For Lally, apprenticeships can only work for institutions if they are done at volume. “That doesn’t mean do a lot of a lot [of programmes]. You could do a lot of a small number, but you can’t dip your toe in the water,” he says.

Irani agrees. “There’s a myth that an apprenticeship degree is just a condensed normal degree. It’s not,” he says. “The scaffolding, the assessments, the delivery are fundamentally different. It comes with its own operating model and cost infrastructure and that’s the same whether you have one student or 50.”

But even large employers can’t always be relied on to deliver on their side of the bargain. For instance, a partnership between Bradford and an NHS trust to upskill existing staff did not get the take-up expected. “We were promised x number of students,” Irani says. “In good faith, we designed a programme.” But when it came to the crunch, recruitment issues within the health service conspired against the programme.

“The trust often can’t release the staff, or the staff themselves don’t feel they can commit because of the pressures of the workplace,” Irani explains. “You as a provider want to do good, the employer wants to do good, but there are tensions there. Engagement has been relatively limited, and you can see that by the numbers going through. They are way below what we and the trust expected.”

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Disconnect between employers and education providers is often the source of frustration for apprentices themselves, too. Dexter Hutchings, a former digital marketing apprentice and co-founder of the group Apprentice Voice, says he felt his course content bore little relation to what he was doing in his job, which nearly led to him dropping out.

“The major issue was that the programme felt almost two to three years out of date,” he says.

At their best, degree apprenticeships promise classroom-based learning that complements on-the-job experiences, but, for Hutchings, “the industry moves at such a pace…it almost felt like everyone in the classroom knew more than the lecturers.”

Niamh Mulhall, another co-founder of the group, had a different experience but ultimately came to the same conclusions. She began a level 3 (post-16) apprenticeship in NHS business administration after dropping out of sixth form and college, before moving on to a degree apprenticeship with the education publishing and assessment group Pearson. The company, which has its own higher education college in London, handles much of the education side of the degree apprenticeship in-house, but Mulhall says there was still a lack of understanding on both sides.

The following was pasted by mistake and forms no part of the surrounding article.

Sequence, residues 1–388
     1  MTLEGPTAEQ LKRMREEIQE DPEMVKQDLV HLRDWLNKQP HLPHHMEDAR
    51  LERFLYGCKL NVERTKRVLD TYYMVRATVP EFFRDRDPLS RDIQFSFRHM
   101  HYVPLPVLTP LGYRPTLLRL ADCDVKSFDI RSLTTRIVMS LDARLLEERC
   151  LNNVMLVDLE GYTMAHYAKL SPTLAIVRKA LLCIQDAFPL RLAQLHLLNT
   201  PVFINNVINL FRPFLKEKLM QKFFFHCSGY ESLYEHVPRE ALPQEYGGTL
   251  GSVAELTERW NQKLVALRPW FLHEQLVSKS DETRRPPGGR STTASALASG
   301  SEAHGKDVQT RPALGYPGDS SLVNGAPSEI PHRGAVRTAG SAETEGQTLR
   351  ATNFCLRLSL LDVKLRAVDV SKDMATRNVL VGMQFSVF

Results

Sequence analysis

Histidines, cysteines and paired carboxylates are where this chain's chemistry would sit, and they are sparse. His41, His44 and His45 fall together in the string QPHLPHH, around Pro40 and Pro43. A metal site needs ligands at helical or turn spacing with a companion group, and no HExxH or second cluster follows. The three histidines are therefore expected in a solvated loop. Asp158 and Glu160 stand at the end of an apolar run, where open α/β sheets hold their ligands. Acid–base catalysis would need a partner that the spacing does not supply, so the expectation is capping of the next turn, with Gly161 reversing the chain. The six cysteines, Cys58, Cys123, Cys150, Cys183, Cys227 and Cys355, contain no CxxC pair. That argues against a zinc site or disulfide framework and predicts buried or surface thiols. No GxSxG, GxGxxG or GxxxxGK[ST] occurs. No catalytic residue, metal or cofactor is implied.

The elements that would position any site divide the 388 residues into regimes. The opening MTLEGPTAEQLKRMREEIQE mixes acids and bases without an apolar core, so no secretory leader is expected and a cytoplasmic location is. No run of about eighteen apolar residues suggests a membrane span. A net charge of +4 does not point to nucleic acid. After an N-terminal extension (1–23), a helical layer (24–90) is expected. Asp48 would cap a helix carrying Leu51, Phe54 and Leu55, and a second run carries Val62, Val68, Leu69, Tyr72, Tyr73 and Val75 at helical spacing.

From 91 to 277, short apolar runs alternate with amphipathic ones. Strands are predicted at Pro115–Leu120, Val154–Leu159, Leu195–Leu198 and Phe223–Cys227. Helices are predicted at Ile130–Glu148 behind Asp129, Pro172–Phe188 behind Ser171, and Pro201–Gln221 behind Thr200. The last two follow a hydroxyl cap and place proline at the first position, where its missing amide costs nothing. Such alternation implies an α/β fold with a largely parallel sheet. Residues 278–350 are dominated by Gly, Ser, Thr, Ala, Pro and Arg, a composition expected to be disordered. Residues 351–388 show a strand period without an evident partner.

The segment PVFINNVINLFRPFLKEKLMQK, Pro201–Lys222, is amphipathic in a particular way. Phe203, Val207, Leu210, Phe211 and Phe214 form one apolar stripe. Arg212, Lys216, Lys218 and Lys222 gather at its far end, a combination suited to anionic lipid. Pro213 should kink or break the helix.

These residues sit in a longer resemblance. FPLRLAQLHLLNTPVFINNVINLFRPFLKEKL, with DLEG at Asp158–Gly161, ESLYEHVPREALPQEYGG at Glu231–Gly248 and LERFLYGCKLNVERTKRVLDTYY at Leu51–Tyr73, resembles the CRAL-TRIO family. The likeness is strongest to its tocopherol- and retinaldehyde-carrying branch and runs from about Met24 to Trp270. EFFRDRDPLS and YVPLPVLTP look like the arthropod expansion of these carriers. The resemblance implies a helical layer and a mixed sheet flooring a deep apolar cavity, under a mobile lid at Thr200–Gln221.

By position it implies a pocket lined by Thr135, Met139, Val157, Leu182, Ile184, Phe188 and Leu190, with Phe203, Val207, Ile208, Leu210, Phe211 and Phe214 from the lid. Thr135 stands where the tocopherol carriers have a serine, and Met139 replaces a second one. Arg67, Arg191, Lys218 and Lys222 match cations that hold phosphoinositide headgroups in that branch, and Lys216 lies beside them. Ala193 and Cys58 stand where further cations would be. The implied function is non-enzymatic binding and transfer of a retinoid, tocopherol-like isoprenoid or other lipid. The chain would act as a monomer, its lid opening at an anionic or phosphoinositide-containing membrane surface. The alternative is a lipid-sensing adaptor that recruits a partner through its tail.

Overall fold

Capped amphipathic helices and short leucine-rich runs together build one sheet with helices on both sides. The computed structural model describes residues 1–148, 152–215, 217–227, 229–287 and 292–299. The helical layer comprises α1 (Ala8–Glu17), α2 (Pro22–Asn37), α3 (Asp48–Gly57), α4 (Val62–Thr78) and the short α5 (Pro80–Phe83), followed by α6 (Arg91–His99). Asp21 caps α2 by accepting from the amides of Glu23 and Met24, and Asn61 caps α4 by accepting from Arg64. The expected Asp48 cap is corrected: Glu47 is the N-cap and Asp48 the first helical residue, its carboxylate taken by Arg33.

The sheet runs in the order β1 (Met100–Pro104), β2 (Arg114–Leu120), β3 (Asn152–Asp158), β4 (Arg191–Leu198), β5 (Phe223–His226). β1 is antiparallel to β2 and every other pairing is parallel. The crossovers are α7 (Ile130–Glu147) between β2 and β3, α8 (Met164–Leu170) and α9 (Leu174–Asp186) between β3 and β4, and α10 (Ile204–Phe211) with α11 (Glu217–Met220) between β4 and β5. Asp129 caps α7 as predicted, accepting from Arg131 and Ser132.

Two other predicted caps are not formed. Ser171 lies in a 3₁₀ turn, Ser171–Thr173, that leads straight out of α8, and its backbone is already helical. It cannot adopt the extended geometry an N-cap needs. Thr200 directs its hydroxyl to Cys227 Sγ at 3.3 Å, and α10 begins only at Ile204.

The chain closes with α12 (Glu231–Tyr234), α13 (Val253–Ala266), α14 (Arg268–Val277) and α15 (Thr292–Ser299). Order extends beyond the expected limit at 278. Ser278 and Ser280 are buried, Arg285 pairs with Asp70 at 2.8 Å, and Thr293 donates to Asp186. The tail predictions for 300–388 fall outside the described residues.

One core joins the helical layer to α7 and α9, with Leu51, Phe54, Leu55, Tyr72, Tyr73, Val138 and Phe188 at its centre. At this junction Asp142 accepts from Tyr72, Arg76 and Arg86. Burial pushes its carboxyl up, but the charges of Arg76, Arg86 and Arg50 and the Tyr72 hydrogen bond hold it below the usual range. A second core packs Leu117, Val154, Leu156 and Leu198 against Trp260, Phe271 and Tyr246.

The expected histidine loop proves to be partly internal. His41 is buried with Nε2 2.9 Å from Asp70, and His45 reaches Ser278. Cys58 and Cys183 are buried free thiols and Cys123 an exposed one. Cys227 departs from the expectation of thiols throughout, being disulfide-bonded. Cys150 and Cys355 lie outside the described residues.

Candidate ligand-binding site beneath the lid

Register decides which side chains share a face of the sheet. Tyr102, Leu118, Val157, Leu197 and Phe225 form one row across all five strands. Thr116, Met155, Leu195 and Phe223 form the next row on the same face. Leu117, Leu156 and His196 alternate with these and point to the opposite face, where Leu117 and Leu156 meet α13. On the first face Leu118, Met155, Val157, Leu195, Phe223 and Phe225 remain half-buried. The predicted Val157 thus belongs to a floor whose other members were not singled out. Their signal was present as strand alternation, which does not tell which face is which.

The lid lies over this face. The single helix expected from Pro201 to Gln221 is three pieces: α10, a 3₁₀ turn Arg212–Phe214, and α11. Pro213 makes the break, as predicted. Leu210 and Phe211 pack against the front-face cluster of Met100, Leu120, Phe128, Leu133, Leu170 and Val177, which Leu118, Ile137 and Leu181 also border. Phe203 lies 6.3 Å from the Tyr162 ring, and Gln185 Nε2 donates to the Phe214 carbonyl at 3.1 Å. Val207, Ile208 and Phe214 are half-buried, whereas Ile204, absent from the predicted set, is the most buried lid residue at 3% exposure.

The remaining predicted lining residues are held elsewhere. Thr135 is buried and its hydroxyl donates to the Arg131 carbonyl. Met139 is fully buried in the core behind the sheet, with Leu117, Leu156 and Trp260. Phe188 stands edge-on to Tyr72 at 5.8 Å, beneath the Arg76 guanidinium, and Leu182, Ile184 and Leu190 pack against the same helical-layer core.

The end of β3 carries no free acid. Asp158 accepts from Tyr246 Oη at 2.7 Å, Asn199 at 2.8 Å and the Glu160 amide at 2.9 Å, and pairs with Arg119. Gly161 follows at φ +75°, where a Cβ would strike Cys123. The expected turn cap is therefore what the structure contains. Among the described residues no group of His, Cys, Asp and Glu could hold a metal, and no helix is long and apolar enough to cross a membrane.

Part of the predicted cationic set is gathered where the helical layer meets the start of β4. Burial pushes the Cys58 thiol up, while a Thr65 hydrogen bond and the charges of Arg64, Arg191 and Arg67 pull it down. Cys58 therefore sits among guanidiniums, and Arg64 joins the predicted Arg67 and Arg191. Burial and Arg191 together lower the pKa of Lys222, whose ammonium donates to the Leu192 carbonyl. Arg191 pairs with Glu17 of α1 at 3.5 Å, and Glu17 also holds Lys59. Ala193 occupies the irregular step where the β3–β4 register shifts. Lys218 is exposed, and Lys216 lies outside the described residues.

“We’d have a day off work each week and they would assign you research projects you were expected to do with your employer, but, actually, in the workspace there was no time or space for that,” she says. “My manager had no idea. There was still quite a big disconnect even though you would think they would speak to each other.”

A spokeswoman for Pearson said the company was “proud to have offered employee apprenticeship programmes for over 20 years, and we always welcome feedback for improvement. Since 2017, more than 110 colleagues have successfully completed a degree apprenticeship, with a 76 per cent distinction rate. All apprentice managers receive specific training and support to ensure they understand their role and responsibilities, which is essential to apprentices' successful completion.”  

Some dissatisfaction among apprentices studying at a higher level is reflected in the government’s own reporting. An evaluation document released last year found that only 3 per cent of those at degree-apprenticeship level (level 6) and above failed to complete their programmes in 2020-21, compared with nearly half (46 per cent) of level 3 apprentices, while overall satisfaction, at 91 per cent, was higher than in any other category. But one in five (20 per cent) of degree apprentices was not happy with the quality of their learning, worse than the 15 per cent average for apprenticeships overall. And while many of the degree apprentices EDSK’s Richmond spoke to for his report are grateful for the opportunities that were opened up to them, “if you scratch the surface, you start to see what their actual experience was like, and some very concerning things came up.”